The first blare

On day six, I blew my horn.

On day five, I encountered the dog that pushed me over the edge, to equip myself in case of attack. Whence last I saw that dog, busy 46th Street was closed for construction, and he had no traffic to keep him from pursuing me from his side of the four lane road.

That day, he entered the road. I stopped, turned to him, and yelled as loud as I could, “Stop!” He stopped momentarily. As he was resuming his pursuit and I was still yelling, his owner appeared and called him back.

46th was recently reopened. The speed limit is 45 mph. When he (with both dogs in this piece, I don’t know their sex; I call both “he” because I don’t like calling a pet “it”) spied me, he went to the edge of the road, barking his lungs out. Thankfully, car after car zoomed between us, he stayed put, and my horn remained clipped to my waist.

The next day, my sixth carrying the horn, as I ran down Marilyn Street, more than five miles into my run, I recalled that a small dog sometimes runs out after me. Sure enough, there he was, and out he came.

I quickly slid the horn off my waist, put my finger on the trigger, and waited for him to approach me. As I continued to run, he got within ten feet of me. I let loose.

I gave him a one second blast.

And what did he do?

He stopped.

His ears went erect. He looked at me funny. He didn’t seem dazed, but he definitely looked confused.

Soon, I was past him and he resumed running. Now, however, he didn’t approach. He ran parallel to me, remaining on the edge of the street.

He returned to barking. I kept the horn pointed at him, my finger on the trigger.

Calmly, I kept saying to him, “Staaay. Staaay. Staaay.”

Finally, either he tired of the game or we got to his boundary (which should include the street, for Fido’s sake!). I holstered my weapon and finished my run.

Now I know the horn achieves what it advertises … at least on this dog.

I’ve vowed never to use the horn unless a dog enters the street. I’ll keep the vow but, having felt the power of my horn, I now have an itchy trigger finger.

Mind your dogs!

This is my fortieth year as a jogger. I’ve finally been frightened enough by dogs chasing me into the street that I am doing something to protect myself.

Small dogs don’t scare me. Though they never belong in the street, I figure if they get too close I can kick them. I don’t want to kick them, but I will if I have to protect myself.

Most of the dogs leaving their yards are small ones, which happens virtually every week. But twice this summer large dogs have come running at me, at full speed, barking fiercely. And both were showing their teeth.

I always stop and turn to the dog. I holler as loud as I can. “Stop! Go home!” I holler toward the house: “Get your dog! Your dog doesn’t belong in the street!”

These two times this summer the dogs have been large, I had never seen them before, so I wasn’t surprised their owners immediately appeared from behind their homes. I guess the dogs either got out by mistake or they were taken by surprise that they took off into the street. Thus, on the one hand, I don’t think it is the owners’ practice to allow their dogs to run free, but, on the other hand, they allowed them to get loose and, when they did, they ran into the street and after me.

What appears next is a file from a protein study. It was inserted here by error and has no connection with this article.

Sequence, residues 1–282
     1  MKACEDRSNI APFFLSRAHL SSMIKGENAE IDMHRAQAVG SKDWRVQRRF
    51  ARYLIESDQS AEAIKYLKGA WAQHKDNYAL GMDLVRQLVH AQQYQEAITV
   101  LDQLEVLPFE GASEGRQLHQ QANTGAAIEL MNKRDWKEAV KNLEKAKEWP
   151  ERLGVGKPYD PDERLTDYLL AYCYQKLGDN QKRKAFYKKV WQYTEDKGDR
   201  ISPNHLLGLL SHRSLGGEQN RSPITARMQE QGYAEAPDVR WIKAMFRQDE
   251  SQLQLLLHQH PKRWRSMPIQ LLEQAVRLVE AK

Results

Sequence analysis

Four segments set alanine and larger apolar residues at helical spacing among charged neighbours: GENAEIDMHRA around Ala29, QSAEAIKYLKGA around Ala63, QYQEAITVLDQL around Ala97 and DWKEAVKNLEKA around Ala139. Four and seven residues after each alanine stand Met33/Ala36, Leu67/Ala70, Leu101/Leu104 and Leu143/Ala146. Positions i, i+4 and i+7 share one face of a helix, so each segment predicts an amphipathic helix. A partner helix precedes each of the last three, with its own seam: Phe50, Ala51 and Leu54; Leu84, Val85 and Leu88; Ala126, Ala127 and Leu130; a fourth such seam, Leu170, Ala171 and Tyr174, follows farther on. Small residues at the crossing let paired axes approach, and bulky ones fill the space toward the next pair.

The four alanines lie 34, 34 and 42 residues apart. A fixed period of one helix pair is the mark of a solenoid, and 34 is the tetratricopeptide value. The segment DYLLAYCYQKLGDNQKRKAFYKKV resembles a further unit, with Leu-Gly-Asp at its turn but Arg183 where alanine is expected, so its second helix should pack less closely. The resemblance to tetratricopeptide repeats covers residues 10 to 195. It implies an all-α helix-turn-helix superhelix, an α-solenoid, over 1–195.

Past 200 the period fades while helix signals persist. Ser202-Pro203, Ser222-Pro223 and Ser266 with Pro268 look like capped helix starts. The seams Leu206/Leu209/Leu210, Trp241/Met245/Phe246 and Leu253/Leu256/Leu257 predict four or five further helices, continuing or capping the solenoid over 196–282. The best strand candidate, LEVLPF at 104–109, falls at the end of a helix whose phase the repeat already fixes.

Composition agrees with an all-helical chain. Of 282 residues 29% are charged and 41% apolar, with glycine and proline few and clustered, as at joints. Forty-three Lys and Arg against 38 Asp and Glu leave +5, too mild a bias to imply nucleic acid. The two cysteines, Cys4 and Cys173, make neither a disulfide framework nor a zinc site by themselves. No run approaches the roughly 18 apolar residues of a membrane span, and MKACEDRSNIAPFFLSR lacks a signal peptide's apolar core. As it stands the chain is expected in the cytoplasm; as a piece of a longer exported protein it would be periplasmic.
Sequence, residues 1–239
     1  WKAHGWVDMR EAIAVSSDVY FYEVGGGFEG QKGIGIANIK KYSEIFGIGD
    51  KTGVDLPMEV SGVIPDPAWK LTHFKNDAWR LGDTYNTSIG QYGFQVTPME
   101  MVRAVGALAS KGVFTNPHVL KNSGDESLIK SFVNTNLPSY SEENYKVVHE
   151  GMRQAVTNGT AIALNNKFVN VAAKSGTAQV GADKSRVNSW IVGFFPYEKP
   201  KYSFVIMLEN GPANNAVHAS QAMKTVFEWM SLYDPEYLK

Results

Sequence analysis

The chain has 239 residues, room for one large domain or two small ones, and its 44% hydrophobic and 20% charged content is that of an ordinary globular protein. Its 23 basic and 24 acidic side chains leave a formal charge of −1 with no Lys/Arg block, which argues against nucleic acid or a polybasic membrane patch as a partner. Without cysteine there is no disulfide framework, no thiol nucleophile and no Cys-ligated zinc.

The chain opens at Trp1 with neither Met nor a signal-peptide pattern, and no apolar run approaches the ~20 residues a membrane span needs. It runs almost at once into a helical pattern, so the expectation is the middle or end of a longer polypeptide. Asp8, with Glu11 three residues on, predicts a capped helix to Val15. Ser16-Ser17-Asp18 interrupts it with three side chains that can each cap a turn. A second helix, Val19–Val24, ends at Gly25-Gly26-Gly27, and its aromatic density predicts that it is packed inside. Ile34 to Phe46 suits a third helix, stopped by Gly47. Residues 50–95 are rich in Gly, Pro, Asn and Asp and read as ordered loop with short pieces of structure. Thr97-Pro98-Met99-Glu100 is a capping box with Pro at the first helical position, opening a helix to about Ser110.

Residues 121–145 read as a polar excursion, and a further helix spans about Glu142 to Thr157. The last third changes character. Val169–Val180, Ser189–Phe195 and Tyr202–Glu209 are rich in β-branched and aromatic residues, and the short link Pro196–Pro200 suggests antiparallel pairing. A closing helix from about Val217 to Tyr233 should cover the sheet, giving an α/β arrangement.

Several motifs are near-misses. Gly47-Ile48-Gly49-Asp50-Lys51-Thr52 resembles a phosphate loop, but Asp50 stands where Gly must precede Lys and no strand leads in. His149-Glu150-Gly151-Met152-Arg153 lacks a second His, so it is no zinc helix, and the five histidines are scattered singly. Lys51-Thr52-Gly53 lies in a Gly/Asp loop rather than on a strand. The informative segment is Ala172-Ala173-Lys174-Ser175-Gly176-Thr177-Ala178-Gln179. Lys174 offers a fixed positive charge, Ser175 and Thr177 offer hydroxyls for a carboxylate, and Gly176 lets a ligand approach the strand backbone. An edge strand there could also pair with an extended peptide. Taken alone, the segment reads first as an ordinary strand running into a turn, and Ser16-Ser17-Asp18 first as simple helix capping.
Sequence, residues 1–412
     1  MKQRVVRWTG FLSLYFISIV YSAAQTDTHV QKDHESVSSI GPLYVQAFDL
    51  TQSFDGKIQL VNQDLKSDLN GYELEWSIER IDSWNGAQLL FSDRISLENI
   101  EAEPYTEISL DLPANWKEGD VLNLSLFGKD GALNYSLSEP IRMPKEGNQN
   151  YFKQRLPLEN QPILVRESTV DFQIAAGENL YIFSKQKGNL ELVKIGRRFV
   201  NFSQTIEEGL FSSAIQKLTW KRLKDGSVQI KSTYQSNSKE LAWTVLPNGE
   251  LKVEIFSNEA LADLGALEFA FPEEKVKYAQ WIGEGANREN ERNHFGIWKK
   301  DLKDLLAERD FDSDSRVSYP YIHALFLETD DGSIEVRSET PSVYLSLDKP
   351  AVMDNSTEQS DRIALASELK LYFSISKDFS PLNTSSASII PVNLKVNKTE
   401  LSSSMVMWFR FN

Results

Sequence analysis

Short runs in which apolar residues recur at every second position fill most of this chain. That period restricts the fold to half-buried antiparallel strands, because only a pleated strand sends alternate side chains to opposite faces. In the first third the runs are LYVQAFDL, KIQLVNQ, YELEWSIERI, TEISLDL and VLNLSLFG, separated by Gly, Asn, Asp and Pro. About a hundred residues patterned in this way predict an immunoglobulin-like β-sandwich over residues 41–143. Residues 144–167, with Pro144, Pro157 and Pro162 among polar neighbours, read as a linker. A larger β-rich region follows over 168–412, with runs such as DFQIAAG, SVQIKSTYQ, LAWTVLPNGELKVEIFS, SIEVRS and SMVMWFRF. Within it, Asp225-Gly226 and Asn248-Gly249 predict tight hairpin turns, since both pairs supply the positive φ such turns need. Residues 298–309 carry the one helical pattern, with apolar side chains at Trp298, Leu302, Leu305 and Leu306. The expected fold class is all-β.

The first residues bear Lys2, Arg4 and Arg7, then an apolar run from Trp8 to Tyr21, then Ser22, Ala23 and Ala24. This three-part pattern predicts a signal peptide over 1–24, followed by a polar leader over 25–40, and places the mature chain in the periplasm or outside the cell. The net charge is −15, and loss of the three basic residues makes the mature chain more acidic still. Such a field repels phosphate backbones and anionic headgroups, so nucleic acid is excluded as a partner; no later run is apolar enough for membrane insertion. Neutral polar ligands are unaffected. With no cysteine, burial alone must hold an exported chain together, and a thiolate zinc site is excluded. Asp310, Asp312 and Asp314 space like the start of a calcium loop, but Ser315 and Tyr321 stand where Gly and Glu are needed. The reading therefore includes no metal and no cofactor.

Thankfully, in both cases, two positive things happened at once. When I turned and hollered, the dogs slowed down. They didn’t stop, and they kept barking and showing their teeth, but I felt more in control. Secondly, as their owners called for them, both dogs retreated.

I hollered to both owners: “Please mind your dogs. They don’t belong in the street.” One responded with his apology. The other did not. As I turned and continued my run, I shook from what could have occurred.

So, I’ve been thinking: at any given time, a dog could come at me, not back down, not have an owner there to call it, and attack me. And I could be in a world of hurt. I could even be killed.

I read of the attacks, every year: joggers who lost their lives at the mouths of vicious dogs. In my forty years of running, I’ve arrived home under my own steam every single time. I desire to continue my winning streak.

I told Julie of my fear. I asked her if, the next time she placed an online order, she might purchase me some pepper spray. I checked and, yes, it is legal to carry it and use it on human or animal in self defense.

Bless Julie’s researching heart, she came back to me after a bit with another suggestion: a horn.

The concern with pepper spray is twofold. First, the human or animal has to get close before you can spray at them. Second, you have to aim well, to hit them in the eyes.

With the horn, you can begin to blow it immediately. And you don’t have to aim it. And it could alert others to possible trouble.

The horn is on order. By the end of this week, I will be clipping it to my waist next to my phone, which is my constant jogging companion.

How long will it be before I find myself in need of using it?